It was rock 'n' roll that led production designer Hannah Beachler ("Moonlight," "Miles Ahead") into the film world.
Back in the '90s, when the Dayton, Ohio native was a student at the University of Cincinnati, she found herself immersed in the city's robust music scene. That led to working on DIY films and music videos for Ditchweed and Grrrrrrl Possy with local legend Dana Hamblen .
The two women bonded over high-energy artistic hijinks in the Short Vine area. "We crack up talking about it," said Hamblen, now owner of Chicken Lays an Egg in Northside.
Beachler worked on whatever needed to be done, including playing a go-go dancer in a Grrrrrrl Possy video and a stripper in the Afghan Whig video for "Come See About Me."
John Curley, bassist for Afghan Whigs and owner of Ultrasuede recording studio in Cincinnati, remembers those days well.
"She and Dana were always going thrift store shopping and just looking for interesting stuff," he said.
"It's not surprising that she ended up where she did," Curley said. "It's something that came naturally for her. She took things that she was doing anyway and turned them into a career."
Beachler developed her artistic instincts early. "It was part of my life every day."
When she was four years old, her architect father, who designed and built the family home and guest house, began taking her to his office in the Oregon district of Dayton.
"I would go through all the paint chips, all the carpet samples. He would drive me around and stop in front of a house and say, 'That's Italianate architecture,' 'That's Frank Lloyd Wright.'"
At home, her interior decorator mother was always busy.
"There was always something new, something my mom was changing," Beachler said.
After her time at UC, she enrolled in film school at Wright State University. After graduation, she worked for a while at Hasbro Toys before breaking in to film as a set dresser and decorator on a long string of less-than-famous movies.
It was director Renny Harlin, her boss on 2007's "Cleaner," who told her, "You should be a production designer." Production designers are in charge of the overall physical look of a movie. That includes sets, props, costume, hairdos and makeup.
"You don’t have to know where every two-by-four goes," he told her, "but you do have to have a vision. And you have a vision and a point of view and it’s pretty amazing."
Her professional status got a major boost when she worked on the acclaimed 2014 drama "Fruitvale Station," followed by Don Cheadle's vivid period piece "Miles Ahead" -- shot in Cincinnati -- and Beyonce's video album "Lemonade."
This year, it is "Moonlight" that has enchanted critics and awards voters.
At first she was reluctant, worn out after eight months of working on "Creed." But her agent said, "Just read the script, and we'll talk."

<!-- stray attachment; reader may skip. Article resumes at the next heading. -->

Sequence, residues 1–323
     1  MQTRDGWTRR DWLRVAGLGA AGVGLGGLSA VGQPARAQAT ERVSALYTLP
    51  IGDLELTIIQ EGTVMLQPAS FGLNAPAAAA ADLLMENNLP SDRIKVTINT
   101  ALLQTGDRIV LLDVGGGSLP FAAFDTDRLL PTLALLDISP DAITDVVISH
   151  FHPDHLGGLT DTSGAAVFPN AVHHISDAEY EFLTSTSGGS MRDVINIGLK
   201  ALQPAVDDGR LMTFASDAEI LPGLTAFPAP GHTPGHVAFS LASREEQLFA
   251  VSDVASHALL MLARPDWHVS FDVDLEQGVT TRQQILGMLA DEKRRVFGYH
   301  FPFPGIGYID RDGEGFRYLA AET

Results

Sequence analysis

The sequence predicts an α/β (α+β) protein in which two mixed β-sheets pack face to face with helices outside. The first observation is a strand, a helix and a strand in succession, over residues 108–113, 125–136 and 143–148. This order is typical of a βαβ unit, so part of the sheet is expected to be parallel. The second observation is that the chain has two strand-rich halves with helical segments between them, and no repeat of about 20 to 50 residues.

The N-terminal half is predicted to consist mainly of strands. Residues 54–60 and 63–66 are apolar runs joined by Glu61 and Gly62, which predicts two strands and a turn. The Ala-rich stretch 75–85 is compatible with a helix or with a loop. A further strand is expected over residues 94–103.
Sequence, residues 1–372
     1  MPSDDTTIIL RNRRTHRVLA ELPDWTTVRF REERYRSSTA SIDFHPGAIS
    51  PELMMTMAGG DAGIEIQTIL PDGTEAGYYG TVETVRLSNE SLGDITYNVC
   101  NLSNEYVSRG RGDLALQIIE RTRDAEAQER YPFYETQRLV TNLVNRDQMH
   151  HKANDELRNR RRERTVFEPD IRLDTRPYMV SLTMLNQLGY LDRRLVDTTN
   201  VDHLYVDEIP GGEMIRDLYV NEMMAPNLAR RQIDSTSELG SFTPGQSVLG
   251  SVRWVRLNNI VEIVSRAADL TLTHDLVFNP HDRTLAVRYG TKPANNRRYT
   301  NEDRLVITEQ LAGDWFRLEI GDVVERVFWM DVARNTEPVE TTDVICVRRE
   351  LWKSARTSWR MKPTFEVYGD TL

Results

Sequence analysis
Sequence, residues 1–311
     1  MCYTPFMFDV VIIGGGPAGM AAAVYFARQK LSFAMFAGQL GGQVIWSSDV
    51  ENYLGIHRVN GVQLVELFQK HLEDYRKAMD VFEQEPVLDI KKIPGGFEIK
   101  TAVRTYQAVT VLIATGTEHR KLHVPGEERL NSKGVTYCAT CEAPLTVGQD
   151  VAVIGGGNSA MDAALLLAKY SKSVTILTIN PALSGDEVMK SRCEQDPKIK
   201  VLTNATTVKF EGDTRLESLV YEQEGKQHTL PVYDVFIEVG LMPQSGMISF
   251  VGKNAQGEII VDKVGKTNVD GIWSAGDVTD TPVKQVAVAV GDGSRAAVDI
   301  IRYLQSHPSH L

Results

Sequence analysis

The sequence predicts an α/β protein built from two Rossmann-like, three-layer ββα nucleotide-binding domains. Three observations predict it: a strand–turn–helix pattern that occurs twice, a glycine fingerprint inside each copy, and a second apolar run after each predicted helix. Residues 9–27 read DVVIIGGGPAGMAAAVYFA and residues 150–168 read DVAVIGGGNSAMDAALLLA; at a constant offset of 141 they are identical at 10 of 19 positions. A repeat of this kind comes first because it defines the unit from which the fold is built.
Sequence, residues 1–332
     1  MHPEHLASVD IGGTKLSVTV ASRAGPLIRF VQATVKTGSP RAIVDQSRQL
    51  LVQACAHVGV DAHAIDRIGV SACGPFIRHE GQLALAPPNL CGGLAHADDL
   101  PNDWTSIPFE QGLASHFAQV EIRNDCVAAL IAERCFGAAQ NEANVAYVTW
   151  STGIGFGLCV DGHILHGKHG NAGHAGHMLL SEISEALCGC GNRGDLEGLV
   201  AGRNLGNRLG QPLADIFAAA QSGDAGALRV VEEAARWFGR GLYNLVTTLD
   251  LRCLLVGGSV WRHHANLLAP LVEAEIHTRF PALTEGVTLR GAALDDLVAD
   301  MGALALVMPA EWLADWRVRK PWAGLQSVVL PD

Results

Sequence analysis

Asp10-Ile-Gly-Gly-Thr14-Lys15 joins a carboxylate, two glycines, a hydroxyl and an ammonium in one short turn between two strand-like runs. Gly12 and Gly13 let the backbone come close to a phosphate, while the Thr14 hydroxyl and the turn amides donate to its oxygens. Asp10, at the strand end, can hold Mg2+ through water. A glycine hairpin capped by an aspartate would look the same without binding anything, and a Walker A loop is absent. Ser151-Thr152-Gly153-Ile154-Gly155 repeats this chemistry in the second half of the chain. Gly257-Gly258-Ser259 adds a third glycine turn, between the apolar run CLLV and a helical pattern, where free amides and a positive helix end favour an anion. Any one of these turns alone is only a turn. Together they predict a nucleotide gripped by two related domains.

Beachler recalled advice she received from veteran production designer Wynn Thomas, who made his name on projects as diverse as "Do The Right Thing," "A Beautiful Mind" and "Mars Attacks." He told her, "If you don't connect with the story, don't do the picture."
With " Moonlight ," she connected.
"There was a visceral feeling I got reading the script for the first time. It threw me back to the first time I read 'Fruitvale Station.' I thought, 'This is something that has to be made.'"
Although set in the real world of Miami, the movie boasts a carefully chosen palette of colors and textures, she said. "It's confusingly beautiful. You're seeing things that are not beautiful. The look comes out of a very purposeful process."
It is common for viewers to take it for granted that the setting for a given movie scene always looks the way it looks on film, even though it usually has been carefully staged, arranged and decorated to serve the purpose of a script.
"People think it's just there," Beachler said. "You've done a good job when they feel it's innately a part of the scene, when they can forget about the sets and the place and soak in the way you are trying to tell the story with that imagery, that canvas."
Even so, she is rarely fully satisfied with a finished product.
"There's always little stuff. It's never good enough. You can pick and poke and edit all day. At some point, you have to just stop and go with it."
"Moonlight" was made on such a tight budget that she had to perform chores that normally would fall to crew members under her direction.
"I had to roll up sleeves, get in there and paint, carry furniture. Everything," she said. "It was all good. I had a great team. It really was a labor of love."
Now, she is in Atlanta on her biggest job yet -- Marvel's "Black Panther," starring Chadwick Boseman as the comic-book hero who first appeared on film in "Captain America: Civil Wars."
"This is a first for me, working on a comic book film," she said. "It's a whole new world."
The Marvel brand name brings particularly intense scrutiny from people who grew up reading the comic books and have high expectations -- including her 19-year-old son.
"We are working really hard to get it right, for the story and for the fans."
She has no plans yet for what she will do after "Black Panther," except relax.
"'Black Panther,' that's a full-time job of really concentrating and being fully in this. And I've got five more months on this. It's a lot of hard work we're doing."
Working on a wide range of movies has reinforced her belief that connecting with a movie's story is much more important than money or technique, topics that some fans love to analyze in exhaustive detail.
"This is a very magical medium," she said. "It's all about getting lost and being in the story. I don't want to know how I got there. You don't want all the little tricks and bits and bobs to be exposed. You keep some of that for yourself."